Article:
Krishnamurti Online Retreat with Mukesh Gupta

The past 6 days, I attended a 6 day online retreat.  We met everyday at 430pm til 630pm.   It was organized by the Krishnamurti Foundation in Vancouver British Vancouver.  The guest leader was  Mukesh Gupta.  He woke every morning in India at 430am and led us.  I was hesitant to join, partly because I heard of it last minute.  Plus, it was a commitment, although not nearly as big as flying to Canada for 1 week.  Even still, it felt like an encounter.  Ralph the organizer was very calm throughout the process which kept a steady vibe to the proceedings.  Our teacher was Mr. Gupta, a wise soul and longtime follower of Krishnamurti’s teachings, referred to us as friends.  K would do the same thing.  I hope I can carry this view of as many encounters as possible in the future.  It really helps provide a compassionate experience towards oneself and others.  He has described K’s work as a vast Ocean, and if he could provide just a few drops, he would be happy.  He says to drink from the source—that is K’s teachings.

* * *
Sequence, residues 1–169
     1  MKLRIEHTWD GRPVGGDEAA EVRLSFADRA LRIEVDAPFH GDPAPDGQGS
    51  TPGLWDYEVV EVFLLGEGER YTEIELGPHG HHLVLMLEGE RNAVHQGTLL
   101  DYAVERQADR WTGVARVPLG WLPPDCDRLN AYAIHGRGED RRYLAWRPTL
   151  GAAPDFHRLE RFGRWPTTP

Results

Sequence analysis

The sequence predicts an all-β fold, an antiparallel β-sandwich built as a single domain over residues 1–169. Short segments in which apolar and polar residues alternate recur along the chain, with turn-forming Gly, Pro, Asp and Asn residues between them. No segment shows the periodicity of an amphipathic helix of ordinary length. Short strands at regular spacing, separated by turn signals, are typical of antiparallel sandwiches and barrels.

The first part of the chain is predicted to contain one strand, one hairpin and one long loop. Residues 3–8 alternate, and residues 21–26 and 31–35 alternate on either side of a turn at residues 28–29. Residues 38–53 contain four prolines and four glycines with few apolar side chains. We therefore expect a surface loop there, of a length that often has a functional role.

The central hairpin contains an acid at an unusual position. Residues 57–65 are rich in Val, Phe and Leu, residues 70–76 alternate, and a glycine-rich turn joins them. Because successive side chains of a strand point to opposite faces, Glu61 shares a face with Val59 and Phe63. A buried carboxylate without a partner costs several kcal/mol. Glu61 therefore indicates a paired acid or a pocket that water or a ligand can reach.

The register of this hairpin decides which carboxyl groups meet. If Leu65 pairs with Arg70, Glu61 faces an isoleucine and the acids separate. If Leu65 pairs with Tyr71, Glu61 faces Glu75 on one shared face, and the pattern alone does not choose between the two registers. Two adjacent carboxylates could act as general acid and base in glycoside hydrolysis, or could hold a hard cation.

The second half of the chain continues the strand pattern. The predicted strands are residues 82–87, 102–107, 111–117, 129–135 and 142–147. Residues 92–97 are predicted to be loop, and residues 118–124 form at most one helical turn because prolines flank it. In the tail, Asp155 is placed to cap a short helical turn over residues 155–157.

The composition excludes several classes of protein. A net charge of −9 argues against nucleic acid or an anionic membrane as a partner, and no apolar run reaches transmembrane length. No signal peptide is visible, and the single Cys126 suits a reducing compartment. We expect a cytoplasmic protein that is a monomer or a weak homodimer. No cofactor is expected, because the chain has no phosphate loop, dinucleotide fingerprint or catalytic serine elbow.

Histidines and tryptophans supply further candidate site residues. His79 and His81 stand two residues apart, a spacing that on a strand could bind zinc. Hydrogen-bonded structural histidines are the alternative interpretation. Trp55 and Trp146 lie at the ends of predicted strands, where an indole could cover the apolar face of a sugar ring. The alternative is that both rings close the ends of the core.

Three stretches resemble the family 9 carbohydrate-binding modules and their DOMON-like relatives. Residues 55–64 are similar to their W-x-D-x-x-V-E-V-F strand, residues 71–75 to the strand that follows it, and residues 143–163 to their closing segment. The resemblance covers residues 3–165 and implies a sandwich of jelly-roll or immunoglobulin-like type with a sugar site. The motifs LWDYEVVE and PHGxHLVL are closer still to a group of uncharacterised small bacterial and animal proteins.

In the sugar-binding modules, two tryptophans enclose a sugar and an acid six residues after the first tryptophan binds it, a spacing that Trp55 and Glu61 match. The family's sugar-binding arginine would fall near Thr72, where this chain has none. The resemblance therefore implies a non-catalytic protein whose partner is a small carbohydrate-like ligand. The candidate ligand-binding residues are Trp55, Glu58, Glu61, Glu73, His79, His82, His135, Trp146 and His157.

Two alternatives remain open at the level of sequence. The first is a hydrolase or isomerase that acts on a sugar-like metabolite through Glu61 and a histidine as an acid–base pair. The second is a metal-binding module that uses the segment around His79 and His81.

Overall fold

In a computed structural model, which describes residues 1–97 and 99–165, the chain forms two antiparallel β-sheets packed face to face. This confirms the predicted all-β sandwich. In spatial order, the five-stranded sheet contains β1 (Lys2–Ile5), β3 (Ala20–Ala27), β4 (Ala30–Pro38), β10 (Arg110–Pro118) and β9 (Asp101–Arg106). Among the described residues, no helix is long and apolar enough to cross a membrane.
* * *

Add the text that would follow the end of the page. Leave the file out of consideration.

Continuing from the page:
Hopefully, I will come revisit this retreat and write in more detail, but I just wanted to share a few nuggets that I found helpful.  There were some pretty powerful moments I experienced, more so during my sleep that seemed related to the retreat. The meditation I learned through watching and reading Krishnamurti and which I have written about, was enhanced when I practiced it during the retreat. I woke up a few times during the night on a few occasions. Mukesh has a way of speaking that is quite hypnotic. It hits at a deep level.  You can visit Mukesh Gupta’s website here.

Phrases like:

  1. “Ego doesn’t know where to start.”  How could it, since there are so many processes to deal with. This concept really helped name what I experience so many times. Even with meditation every morning, I feel like I am starting from scratch—breathing, posture, observing feelings, thoughts, etc.

  2. Rather than “I am . . .” , look at it as “I is the image(s) that thought creates . . .”  “I” becomes the object rather than the subject. I is something, yet it isn’t what I have been thinking it is the past 54 years. I . . . (Pause) . . . Is . . . It slows down the process for me. As Albert Low talks about in Zen & Creative Management, language in all cultures have this subject, verb & object. It separates us from the beginning.

  3. Ego starts filling in the blanks when you wake up in the morning.”  Can you see that? I seemed to get a glimpse of this the last morning. Like a piling on of past information to help make sense of things.



As in most posts on, italicization of words refers to the words of either Jiddu Krishnamurti or Albert Low.  The website writer’s words are in regular text.

Leave a Comment

Your email address will not be published. Required fields are marked *